The shell is the command interpretor in an operating system such as Unix or GNU/Linux, it is a program that executes other programs. It provides a computer user an interface to the Unix/GNU Linux system so that the user can run different commands or utilities/tools with some input data.
When the shell has finished executing a program, it sends an output to the user on the screen, which is the standard output device. For this reason, it is referred to as the “command interpretor”.
The shell is much more than just a command interpretor, it is also a programming language of its own with complete programming language constructs such as conditional execution, loops, variables, functions, and many more.
That is why the Unix/GNU Linux shell is more powerful compared to the Windows shell.
In this article, we shall take a look at some of the top most used open-source shells on Unix/GNU Linux.
1. Bash Shell
The Bash Shell, or simply “Bash“, stands for “Bourne Again SHell“. It’s an enhancement of the original Bourne Shell (sh) and was introduced in 1989 by Brian Fox.
Over the years, Bash has become one of the most popular and widely used command-line interpreters on many Linux distributions and macOS (until Catalina, after which it was replaced by zsh).
Bash provides users with the ability to run commands, navigate the file system, and run scripts. Users can harness features like command history, tab completion, and scripting capabilities to automate tasks and streamline workflows.
The Bash Shell has played a pivotal role in the evolution of open-source computing, offering a consistent interface for users to interact with their systems.
2. Tcsh/Csh Shell
The Tcsh (pronounced “tee-shell“) and Csh (pronounced “see-shell“) are Unix-based command-line shells that have been around for decades. Csh, or the C shell, was developed by Bill Joy in the late 1970s at the University of California, Berkeley.
It introduced several features and scripting syntax that were inspired by the C programming language, which made it popular among programmers familiar with C.
Tcsh is an enhanced version of the original Csh, which stands for “Tenex C Shell“, with “Tenex” being a reference to the TENEX operating system.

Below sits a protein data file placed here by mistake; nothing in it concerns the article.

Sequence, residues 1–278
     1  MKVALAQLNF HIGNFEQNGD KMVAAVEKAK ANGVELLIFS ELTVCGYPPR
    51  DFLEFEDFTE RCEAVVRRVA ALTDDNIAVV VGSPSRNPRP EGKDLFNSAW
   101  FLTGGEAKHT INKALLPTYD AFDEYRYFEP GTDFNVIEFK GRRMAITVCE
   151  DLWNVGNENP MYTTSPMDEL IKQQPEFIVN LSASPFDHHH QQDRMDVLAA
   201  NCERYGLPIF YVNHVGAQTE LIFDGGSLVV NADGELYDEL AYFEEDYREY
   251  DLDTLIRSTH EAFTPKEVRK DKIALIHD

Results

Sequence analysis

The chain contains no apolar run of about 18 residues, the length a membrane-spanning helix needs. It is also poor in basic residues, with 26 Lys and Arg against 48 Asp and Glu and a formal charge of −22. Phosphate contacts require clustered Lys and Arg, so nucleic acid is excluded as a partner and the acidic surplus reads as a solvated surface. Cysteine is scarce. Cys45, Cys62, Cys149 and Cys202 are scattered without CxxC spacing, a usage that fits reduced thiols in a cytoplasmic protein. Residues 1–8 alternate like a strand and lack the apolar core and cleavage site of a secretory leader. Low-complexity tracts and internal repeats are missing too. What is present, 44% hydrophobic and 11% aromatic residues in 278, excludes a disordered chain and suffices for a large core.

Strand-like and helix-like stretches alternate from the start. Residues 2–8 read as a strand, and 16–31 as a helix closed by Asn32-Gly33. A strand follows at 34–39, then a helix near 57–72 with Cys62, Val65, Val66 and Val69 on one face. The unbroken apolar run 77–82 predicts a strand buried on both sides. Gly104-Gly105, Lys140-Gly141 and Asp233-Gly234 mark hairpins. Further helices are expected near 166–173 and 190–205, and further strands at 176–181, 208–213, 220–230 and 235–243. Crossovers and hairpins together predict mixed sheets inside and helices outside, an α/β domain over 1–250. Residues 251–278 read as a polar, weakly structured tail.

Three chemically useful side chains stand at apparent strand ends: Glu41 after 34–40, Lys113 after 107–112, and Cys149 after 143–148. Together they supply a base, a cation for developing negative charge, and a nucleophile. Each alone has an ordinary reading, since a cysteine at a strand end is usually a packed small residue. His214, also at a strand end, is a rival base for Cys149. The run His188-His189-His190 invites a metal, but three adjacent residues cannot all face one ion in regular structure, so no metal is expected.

Tcsh incorporates all the features of Csh along with additional improvements, such as command-line editing, job control, and command completion.
Both shells have been influential in the Unix world, with many users appreciating their unique scripting syntax and features. However, over time, other shells like bash have gained more popularity due to their extensive features and widespread adoption.
Nonetheless, Tcsh and Csh remain an integral part of Unix’s shell history.
3. Ksh Shell
The KornShell, commonly known as ksh, is a Unix shell that was developed by David G. Korn at AT&T Bell Laboratories in the early 1980s.
It combines features from both the C shell (csh) and the Bourne shell (sh), aiming to provide the best of both worlds. Over the years, ksh has been praised for its advanced scripting capabilities, making it a favorite among many system administrators and power users.
One of the standout features of ksh is its associative arrays, a feature that wasn’t common in shells of its time. It also introduced the select construct, which makes menu generation in scripts straightforward.
Another significant advantage is its command-line editing and history capabilities, which were later adopted by other shells like bash.
4. Zsh Shell
The Zsh shell, often referred to simply as “Zsh” is a powerful Unix shell that has gained remarkable popularity among programmers and system administrators.
Born as an extension to the Bourne Shell, Zsh incorporates features from other shells like Bash, ksh, and tcsh, offering a rich set of features and improved interactive use.
One of Zsh’s standout features is its robust auto-completion capabilities. Unlike other shells, Zsh’s auto-completion is context-aware, suggesting relevant commands, file paths, and even Git branches, making the user experience smoother and more intuitive.
Fish Shell is a modern, user-friendly command-line shell that aims to provide an interactive and intuitive interface for users.
Unlike traditional shells like Bash or Zsh, Fish offers smart suggestions out of the box, making it easier for both beginners and experienced users to navigate and execute commands.
One of the standout features of Fish is its auto-suggestions, which provide real-time feedback based on your command history, allowing for quicker command execution.
Fish also boasts a vibrant and colorful interface, with syntax highlighting that makes it easier to read and understand commands. Its web-based configuration allows users to customize their shell experience without delving into complex configuration files.
Additionally, Fish has an extensive and growing collection of community-contributed plugins and themes, enhancing its functionality and appearance.
These are not the only shells available in Unix/GNU Linux, but they are among the most commonly used, aside from those that come pre-installed with various Linux distributions.
I hope you find this article useful. For any additional information, please don’t hesitate to post a comment.